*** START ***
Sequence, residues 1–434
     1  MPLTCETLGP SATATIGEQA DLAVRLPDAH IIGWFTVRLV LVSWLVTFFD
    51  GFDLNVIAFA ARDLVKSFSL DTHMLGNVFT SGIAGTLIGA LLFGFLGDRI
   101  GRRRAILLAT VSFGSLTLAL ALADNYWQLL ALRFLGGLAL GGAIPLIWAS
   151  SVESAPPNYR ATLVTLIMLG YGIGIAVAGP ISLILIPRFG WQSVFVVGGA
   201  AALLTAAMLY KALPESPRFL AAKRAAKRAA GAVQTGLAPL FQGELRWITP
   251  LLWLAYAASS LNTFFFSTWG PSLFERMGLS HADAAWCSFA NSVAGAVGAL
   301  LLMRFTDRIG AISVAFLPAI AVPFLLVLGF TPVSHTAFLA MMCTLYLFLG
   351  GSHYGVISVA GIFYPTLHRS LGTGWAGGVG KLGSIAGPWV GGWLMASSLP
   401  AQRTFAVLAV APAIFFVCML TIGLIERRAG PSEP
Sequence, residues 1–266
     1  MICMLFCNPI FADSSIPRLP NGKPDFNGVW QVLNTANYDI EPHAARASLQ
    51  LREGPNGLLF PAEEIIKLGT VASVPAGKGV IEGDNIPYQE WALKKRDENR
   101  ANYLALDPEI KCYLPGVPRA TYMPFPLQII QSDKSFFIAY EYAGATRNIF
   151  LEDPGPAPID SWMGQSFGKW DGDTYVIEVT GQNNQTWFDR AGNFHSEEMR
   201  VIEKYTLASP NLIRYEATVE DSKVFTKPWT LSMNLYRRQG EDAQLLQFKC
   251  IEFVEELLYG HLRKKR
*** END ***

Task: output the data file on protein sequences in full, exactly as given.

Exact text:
Sequence, residues 1–434
     1  MPLTCETLGP SATATIGEQA DLAVRLPDAH IIGWFTVRLV LVSWLVTFFD
    51  GFDLNVIAFA ARDLVKSFSL DTHMLGNVFT SGIAGTLIGA LLFGFLGDRI
   101  GRRRAILLAT VSFGSLTLAL ALADNYWQLL ALRFLGGLAL GGAIPLIWAS
   151  SVESAPPNYR ATLVTLIMLG YGIGIAVAGP ISLILIPRFG WQSVFVVGGA
   201  AALLTAAMLY KALPESPRFL AAKRAAKRAA GAVQTGLAPL FQGELRWITP
   251  LLWLAYAASS LNTFFFSTWG PSLFERMGLS HADAAWCSFA NSVAGAVGAL
   301  LLMRFTDRIG AISVAFLPAI AVPFLLVLGF TPVSHTAFLA MMCTLYLFLG
   351  GSHYGVISVA GIFYPTLHRS LGTGWAGGVG KLGSIAGPWV GGWLMASSLP
   401  AQRTFAVLAV APAIFFVCML TIGLIERRAG PSEP
Sequence, residues 1–266
     1  MICMLFCNPI FADSSIPRLP NGKPDFNGVW QVLNTANYDI EPHAARASLQ
    51  LREGPNGLLF PAEEIIKLGT VASVPAGKGV IEGDNIPYQE WALKKRDENR
   101  ANYLALDPEI KCYLPGVPRA TYMPFPLQII QSDKSFFIAY EYAGATRNIF
   151  LEDPGPAPID SWMGQSFGKW DGDTYVIEVT GQNNQTWFDR AGNFHSEEMR
   201  VIEKYTLASP NLIRYEATVE DSKVFTKPWT LSMNLYRRQG EDAQLLQFKC
   251  IEFVEELLYG HLRKKR